This is hard to describe in words, but I remember the first time I felt some clarity about what it was like to be my son. Not to be his mother, but to be him.

I watched him play in the backyard with his sisters two summers ago. He had recently become a sturdy, independent walker and was a few months away from turning 3. Our nature-loving girls were flitting around, grabbing grass, leaves, worms and whatnot, pulling pieces of branch from our trees and collecting them in sand buckets. Being his sisters of course, they have never excluded him from their games, but nor have they often made special effort to include him; he must fend for himself, which is just as it should be. He followed them around like a puppy, picking up things and dropping them again, tripping sometimes but regaining his balance. Often he fell forward, but stood right back up. He oohed and aahed, not saying words exactly but mimicking their cadence, imitating their pretend play. He craned his neck to see inside their buckets, always a step behind but yearning to be right where they were. Yearning to be right where they were. It hit me in a flash. Here was a small boy, gentle-souled, wanting only to be a kid, and totally succeeding without ever noticing all the walls that had to be knocked down along the way.

FALLACY: People with Down syndrome are not smart.

Though they may not be intellectuals in the academic sense and often their skills cannot be measured accurately on standardized tests, people with Down syndrome can accomplish great things. Because they are good visual learners, many children can read at or above grade level. Most attend regular schools and do everything their typical peers do. These days, more young people with Down syndrome are going to college, learning to drive and getting married. Among the most impressive gifts people with Down syndrome posses is a finely tuned emotional intelligence. It is one of their top strengths – yes, strengths. We assume that people with disabilities are flawed and our thoughts about them stop there.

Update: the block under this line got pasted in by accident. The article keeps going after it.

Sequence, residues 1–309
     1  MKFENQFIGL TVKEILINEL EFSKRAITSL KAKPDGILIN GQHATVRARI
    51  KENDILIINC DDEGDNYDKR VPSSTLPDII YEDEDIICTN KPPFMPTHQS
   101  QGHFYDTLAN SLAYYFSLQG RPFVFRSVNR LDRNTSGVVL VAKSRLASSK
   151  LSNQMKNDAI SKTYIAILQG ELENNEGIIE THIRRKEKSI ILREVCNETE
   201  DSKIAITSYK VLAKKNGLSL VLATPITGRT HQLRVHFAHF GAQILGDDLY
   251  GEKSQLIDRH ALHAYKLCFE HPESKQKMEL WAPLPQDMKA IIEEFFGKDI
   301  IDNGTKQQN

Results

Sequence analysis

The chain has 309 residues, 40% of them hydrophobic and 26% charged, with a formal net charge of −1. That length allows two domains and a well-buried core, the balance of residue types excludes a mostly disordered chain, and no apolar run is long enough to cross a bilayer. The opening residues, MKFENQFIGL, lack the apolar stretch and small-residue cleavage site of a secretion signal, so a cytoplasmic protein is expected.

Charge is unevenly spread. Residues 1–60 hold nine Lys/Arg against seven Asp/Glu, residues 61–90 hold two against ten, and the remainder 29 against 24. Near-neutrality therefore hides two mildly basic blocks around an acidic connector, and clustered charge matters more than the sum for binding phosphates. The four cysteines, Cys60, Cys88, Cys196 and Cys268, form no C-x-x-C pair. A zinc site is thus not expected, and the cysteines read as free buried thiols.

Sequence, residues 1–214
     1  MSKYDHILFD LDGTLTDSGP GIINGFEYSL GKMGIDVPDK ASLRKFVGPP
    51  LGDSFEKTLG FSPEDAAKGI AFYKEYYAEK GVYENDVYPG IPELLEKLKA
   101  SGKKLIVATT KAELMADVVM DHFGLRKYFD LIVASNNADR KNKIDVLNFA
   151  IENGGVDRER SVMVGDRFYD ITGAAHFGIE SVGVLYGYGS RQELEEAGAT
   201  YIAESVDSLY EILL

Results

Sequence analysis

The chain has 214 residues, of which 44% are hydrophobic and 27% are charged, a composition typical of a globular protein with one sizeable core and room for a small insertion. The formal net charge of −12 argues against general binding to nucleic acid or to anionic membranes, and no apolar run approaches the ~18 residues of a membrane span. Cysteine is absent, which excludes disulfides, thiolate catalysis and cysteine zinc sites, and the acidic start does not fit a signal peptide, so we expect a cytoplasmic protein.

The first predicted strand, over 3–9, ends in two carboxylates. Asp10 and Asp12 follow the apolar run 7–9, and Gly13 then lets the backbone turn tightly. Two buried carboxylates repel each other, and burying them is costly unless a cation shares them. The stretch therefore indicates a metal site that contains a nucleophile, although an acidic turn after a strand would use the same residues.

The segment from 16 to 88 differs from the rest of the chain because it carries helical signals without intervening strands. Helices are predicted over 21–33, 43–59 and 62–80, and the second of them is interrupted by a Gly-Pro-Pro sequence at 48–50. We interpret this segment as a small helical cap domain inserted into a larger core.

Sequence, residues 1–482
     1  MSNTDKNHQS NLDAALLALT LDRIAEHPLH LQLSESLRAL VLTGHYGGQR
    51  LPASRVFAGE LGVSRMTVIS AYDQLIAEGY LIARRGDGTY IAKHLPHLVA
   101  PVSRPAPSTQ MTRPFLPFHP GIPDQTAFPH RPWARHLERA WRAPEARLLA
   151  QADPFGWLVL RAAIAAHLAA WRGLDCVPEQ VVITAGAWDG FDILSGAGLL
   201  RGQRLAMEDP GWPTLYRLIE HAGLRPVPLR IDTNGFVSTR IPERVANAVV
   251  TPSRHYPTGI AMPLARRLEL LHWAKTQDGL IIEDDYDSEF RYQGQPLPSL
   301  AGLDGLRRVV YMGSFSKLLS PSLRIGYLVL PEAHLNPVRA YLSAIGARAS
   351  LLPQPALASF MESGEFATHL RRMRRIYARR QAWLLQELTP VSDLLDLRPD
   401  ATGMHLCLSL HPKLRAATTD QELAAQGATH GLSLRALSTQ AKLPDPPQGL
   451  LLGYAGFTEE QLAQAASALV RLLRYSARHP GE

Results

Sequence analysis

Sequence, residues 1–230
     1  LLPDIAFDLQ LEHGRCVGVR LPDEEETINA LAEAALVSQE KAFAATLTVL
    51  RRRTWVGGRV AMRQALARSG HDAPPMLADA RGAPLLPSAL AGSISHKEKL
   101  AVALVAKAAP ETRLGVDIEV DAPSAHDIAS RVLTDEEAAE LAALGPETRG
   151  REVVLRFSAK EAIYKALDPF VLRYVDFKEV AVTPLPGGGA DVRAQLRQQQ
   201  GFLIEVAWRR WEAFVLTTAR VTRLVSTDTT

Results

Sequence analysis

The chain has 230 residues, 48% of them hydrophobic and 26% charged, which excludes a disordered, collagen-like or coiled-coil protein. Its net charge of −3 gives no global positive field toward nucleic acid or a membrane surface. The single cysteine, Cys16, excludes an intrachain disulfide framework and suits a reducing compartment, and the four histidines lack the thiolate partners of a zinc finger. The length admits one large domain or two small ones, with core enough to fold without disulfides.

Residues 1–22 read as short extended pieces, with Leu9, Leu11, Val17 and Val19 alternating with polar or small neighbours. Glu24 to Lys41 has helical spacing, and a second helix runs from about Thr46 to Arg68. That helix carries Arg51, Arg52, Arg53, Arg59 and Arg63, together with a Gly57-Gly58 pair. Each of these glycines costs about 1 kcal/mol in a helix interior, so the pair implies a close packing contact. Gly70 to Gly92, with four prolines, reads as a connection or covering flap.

Well, all of us are flawed. And all of us, including people who have Down syndrome, or people who are totally nonverbal or immobile, possess unique talents. One of my son’s talents is a cleverness about how to manipulate people. If you don’t believe me, try sitting near him with your iPad or smartphone and see how readily he chatters to you about his favorite things like Mickey Mouse or animals, sidling up to you and nearly sitting on your lap like he is in love. What he really wants is for you to let him play a game on your device – he loves people, but he loves electronic things most of all. And you will let him play this game, because isn’t he just the sweetest thing? (No, no he isn’t.)  Don’t ever treat a person with a cognitive disability – or anyone, really – like they are dumb. Chances are they understand more than you can ever imagine and posses a profound relationship to their world.

PHOTO: Schoolboy, 2012

School has been such a blessing for him and for us. We love it!


At the top of this post, I mentioned that World Down Syndrome Day is about understanding and inclusion. And it is. But after the recent tragic death of a young man with Down Syndrome at the hands of the police, it is also about action. Read more: a pitch perfect editorial from The New York Times and a very comprehensive article by Maureen Rich Wallace that explains it all.

Thankful for This Hot Mess, And for You, Dear Readers

3 Mar

Just writing a short post to extend some love to those who have made this blogging journey with me. The fourth anniversary of our move from New York City to North Carolina is approaching, and I figured now is a good time for a little reflection.